Politics and Economy
The current president of Equatorial Guinea, Teodoro Obiang Nguema Mbasogo, has held power since 1979 and maintains a highly repressive regime. Civil society and journalists are censored. The vast majority of the country’s political power is concentrated in the president’s family. Elections occur, but they are neither free nor fair. The country is deeply plagued by corruption and serves as an example of a country that suffers from the resource curse.
Oil supports the endeavors of the president and his highly wasteful spending. U.S. companies dominate the country’s oil business and most of Equatorial Guinea’s exports end up in the United States. Prior to oil discovery in the 1990s, cacao, coffee, and timber exports were the primary commodities of the economy. Today, the oil revenues have caused Equatorial Guinea to have the highest gross national income (GNI) per capita of all of Africa. However, this measurement is misleading as the wealth is highly concentrated with the president’s family. The country has one of the highest rates of inequality in the world as measured by the Gini coefficient.
Tourism plays little role in the country’s economy as it is one of the least visited countries in the world (North Korea doesn’t even make it onto the list; that’s how few visitors we’re talking). The country has undergone international isolationism as part of the rise of the dictatorial family. Citizens of the U.S. are notably exempt from the expensive, prearranged visa requirement primarily due to the country’s relationship with U.S. oil companies.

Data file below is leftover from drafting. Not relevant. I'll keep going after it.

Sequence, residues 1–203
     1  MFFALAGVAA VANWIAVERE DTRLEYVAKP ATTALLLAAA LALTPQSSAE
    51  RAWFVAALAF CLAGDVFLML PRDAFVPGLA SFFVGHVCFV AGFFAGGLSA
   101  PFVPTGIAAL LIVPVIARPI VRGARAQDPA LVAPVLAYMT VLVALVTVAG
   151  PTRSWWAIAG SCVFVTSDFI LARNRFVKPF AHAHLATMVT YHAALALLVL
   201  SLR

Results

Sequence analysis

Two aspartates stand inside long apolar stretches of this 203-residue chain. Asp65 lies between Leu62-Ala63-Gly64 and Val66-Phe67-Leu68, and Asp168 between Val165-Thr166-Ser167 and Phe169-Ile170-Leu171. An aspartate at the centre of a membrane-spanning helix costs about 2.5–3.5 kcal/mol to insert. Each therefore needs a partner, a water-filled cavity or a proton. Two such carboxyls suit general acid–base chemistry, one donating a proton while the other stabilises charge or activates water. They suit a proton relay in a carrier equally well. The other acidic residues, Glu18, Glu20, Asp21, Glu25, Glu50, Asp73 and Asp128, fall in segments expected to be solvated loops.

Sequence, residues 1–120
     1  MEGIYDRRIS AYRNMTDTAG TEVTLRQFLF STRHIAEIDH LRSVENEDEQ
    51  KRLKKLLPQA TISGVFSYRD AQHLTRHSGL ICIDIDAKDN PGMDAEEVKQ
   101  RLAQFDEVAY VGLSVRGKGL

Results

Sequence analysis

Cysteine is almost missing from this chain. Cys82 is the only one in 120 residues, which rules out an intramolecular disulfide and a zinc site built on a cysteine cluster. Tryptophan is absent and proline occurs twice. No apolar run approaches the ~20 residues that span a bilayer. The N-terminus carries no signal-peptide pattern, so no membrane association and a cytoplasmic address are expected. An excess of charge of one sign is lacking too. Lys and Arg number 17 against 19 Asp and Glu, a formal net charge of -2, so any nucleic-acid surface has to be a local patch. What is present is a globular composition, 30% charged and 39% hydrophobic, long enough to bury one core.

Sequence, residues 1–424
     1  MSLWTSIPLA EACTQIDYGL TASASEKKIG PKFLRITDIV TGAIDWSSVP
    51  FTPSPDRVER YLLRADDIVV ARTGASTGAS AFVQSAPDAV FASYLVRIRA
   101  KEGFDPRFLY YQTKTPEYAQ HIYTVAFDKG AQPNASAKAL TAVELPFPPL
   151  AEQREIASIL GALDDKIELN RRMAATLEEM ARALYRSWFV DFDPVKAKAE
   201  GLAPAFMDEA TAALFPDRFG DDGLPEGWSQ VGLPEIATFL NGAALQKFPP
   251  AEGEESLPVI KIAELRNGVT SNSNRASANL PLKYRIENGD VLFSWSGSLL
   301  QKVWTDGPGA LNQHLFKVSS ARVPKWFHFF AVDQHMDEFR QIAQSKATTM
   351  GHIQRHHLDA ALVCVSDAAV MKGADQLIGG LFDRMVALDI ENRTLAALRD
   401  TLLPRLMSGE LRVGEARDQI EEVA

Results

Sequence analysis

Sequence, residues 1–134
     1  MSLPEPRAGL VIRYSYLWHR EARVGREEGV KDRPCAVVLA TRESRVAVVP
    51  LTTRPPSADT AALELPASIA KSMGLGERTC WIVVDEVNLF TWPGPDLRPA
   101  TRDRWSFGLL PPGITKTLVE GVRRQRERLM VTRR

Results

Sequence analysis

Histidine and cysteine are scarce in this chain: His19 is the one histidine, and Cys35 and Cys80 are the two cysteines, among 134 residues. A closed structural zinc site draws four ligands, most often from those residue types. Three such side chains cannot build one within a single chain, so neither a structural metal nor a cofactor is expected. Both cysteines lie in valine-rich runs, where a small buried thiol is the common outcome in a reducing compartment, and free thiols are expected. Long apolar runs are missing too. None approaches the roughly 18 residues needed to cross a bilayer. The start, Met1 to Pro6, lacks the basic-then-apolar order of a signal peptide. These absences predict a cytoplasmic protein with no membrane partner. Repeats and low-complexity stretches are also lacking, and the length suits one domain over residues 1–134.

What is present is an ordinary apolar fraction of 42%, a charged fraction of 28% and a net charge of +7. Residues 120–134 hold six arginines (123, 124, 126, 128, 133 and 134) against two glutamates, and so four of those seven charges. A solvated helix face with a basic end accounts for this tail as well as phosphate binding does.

Equatorial Guinea was colonized by several European countries. First European contact came from the Portuguese in 1472. Early efforts to develop sugarcane plantations largely failed given the extreme humidity, rainfall, and temperature fluctuations. Centuries later, the Portuguese and Spain signed a treaty that transferred the colony to Spanish control. For several decades in the 19th century, Spain leased the territory to the British. Independence finally came in 1968 after centuries of exploitation, disease, and the alienation of some native groups while privileging others. The stage was set for a weak democratic transition into repressive authoritarianism later compounded by oil and imperialism. As a result of Spanish colonialism, Equatorial Guinea is the only Spanish speaking country in Africa.
Geography and Ecology
The country is composed of a relatively small territory on mainland Africa and several islands. The largest island, Bioko, is home to the capital Malabo and the largest share of the country’s population. Bioko is actually much closer to Cameroon than mainland Equatorial Guinea, referred to as Río Muni. Bioko also contains Pico Basilé (one of the tallest volcanos in Africa) and Ureka (the wettest place in Africa).
Given the wide range of climates for such a tiny country, it is very ecologically diverse. Everything from chimpanzees to the highly coveted pangolin can be found here. The beach at Ureka is also one of the only places on earth where leatherback sea turtles lay their eggs. The rarities of Equatorial Guinea wildlife and the political and economic corruption make it vulnerable to poaching and the exotic animal trade.